Classics Club #19: ‘Death in Venice’ by Thomas Mann ****

Thomas Mann is an author whose work I have always wanted to read.  Rather than starting with one of his weightier tomes, I thought I would plump for Death in Venice, one of his short yet major works.  I found a lovely old Penguin edition of the work, bound up with two other novellas (Tristan and Tonio Kroger), whilst on a mini BookTube/blogger meet-up with the lovely Katie.

9780099428657Translated from the German by H.T. Lowe-Porter and first published in 1912, Death in Venice flows just as well as it would had English been its original language.  Such thought and intelligence has been given to both the writing and translation processes.  A short work even by novella standards, the edition which I read runs to just 78 pages.

Death in Venice‘s plot, and the way in which Mann writes of it, veers toward the psychological.  It ‘tells how Gustave Von Eschenbach, a writer utterly absorbed in his work, arrives in Venice as the result of a “youthfully ardent thirst for distant scenes”, and meets there a young boy by whose beauty he becomes obsessed.  His pitiful pursuit of the object of his abnormal affection and its inevitable and pathetic climax is told here with the particular skill the author has for this shorter form of fiction’.  The craft of writing, and the way in which it can so utterly absorb one, has been woven in too: ‘… their creator could hold out for years under the strain of the same piece of work, with an endurance and a tenacity of purpose like that which had conquered his native province of Silesia, devoting to actual composition none but his best and freshest hours…  yes, even while his faithful following revelled in the characters he created, he, the young artist, was taking away the breath of the twenty-year-olds with his cynic utterances on the nature of art and the artist life’.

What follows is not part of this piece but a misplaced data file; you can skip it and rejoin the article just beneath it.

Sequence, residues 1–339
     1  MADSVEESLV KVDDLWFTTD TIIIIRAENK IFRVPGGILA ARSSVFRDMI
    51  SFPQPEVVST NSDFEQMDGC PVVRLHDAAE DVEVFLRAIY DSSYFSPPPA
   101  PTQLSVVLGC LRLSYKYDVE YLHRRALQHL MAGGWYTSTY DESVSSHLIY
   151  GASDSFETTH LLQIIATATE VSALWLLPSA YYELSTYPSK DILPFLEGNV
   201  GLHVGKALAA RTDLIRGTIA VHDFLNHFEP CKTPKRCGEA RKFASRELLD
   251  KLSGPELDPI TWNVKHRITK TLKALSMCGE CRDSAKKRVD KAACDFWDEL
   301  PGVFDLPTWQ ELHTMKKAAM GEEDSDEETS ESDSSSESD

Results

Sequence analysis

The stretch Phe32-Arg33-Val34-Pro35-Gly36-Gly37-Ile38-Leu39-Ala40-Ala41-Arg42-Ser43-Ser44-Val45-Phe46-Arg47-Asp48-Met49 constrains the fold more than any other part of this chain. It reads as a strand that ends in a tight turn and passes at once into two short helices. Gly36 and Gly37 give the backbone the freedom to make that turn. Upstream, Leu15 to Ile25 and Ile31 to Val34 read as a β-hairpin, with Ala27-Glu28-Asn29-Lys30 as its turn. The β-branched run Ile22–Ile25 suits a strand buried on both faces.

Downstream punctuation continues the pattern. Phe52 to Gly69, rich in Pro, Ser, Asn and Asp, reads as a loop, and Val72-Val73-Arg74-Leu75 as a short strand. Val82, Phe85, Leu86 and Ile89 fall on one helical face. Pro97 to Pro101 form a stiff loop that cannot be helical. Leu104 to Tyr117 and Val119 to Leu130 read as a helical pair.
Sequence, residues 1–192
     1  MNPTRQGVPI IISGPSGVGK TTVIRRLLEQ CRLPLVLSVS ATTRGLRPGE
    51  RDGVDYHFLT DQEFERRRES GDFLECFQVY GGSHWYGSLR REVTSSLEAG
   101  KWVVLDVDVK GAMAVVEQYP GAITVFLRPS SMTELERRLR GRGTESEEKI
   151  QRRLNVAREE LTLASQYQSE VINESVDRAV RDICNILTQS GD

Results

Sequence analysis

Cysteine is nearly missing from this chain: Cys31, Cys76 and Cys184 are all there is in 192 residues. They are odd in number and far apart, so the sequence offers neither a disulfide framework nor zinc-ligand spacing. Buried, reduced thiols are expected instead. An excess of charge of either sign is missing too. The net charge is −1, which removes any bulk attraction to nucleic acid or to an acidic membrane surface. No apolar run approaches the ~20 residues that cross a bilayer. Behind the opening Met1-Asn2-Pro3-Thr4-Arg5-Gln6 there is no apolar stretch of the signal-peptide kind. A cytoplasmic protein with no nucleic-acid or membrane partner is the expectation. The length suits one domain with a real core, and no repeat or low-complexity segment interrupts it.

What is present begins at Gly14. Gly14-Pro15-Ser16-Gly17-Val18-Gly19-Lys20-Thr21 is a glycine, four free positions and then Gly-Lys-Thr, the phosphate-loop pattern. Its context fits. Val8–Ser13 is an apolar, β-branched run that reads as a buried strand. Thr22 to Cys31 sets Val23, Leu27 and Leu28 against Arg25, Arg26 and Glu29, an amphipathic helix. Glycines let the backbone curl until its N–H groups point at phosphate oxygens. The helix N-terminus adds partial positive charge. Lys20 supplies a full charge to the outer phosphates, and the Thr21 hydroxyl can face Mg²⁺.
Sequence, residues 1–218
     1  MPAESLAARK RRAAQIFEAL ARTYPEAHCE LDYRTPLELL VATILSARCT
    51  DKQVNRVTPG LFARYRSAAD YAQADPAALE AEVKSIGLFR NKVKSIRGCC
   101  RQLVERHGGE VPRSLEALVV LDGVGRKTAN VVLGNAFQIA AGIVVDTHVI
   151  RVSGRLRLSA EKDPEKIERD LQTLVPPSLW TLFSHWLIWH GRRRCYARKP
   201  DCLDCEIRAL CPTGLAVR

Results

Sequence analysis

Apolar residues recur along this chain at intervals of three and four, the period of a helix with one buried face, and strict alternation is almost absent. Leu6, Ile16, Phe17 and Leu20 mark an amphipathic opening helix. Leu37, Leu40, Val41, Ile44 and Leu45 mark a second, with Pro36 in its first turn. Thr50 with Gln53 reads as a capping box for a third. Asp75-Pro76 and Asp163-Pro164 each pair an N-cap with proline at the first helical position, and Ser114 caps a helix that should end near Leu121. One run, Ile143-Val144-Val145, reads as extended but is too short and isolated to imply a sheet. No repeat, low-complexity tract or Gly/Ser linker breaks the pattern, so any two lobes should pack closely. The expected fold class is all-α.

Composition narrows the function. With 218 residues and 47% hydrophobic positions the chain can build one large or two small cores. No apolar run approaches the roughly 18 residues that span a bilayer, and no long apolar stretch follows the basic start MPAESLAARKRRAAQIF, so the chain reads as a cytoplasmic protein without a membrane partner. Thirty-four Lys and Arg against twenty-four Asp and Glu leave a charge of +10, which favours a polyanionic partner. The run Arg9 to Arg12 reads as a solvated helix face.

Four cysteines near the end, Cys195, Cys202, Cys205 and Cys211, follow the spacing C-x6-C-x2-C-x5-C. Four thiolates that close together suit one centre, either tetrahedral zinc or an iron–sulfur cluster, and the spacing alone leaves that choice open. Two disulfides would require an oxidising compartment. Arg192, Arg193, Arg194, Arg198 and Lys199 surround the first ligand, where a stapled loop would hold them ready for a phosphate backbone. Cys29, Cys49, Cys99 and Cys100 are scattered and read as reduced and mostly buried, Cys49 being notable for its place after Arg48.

Mann conjures up the setting and protagonists so well from the novella’s very beginning: ‘Gustave Aschenbach – or Von Aschenbach, as he had been known officially since his fiftieth birthday – had set out alone from his house in Prince Regent Street, Munich, for an extended walk…  May had begun, and after weeks of cold and wet a mock summer had set in.  The English Gardens, though in tenderest leaf, felt as sultry as in August and were full of vehicles and pedestrians near the city.  But towards Aumeister the paths were solitary and still, and Aschenbach strolled thither, stopping awhile to watch the lively crowds in the restaurant garden with its fringe of carriages and cabs’.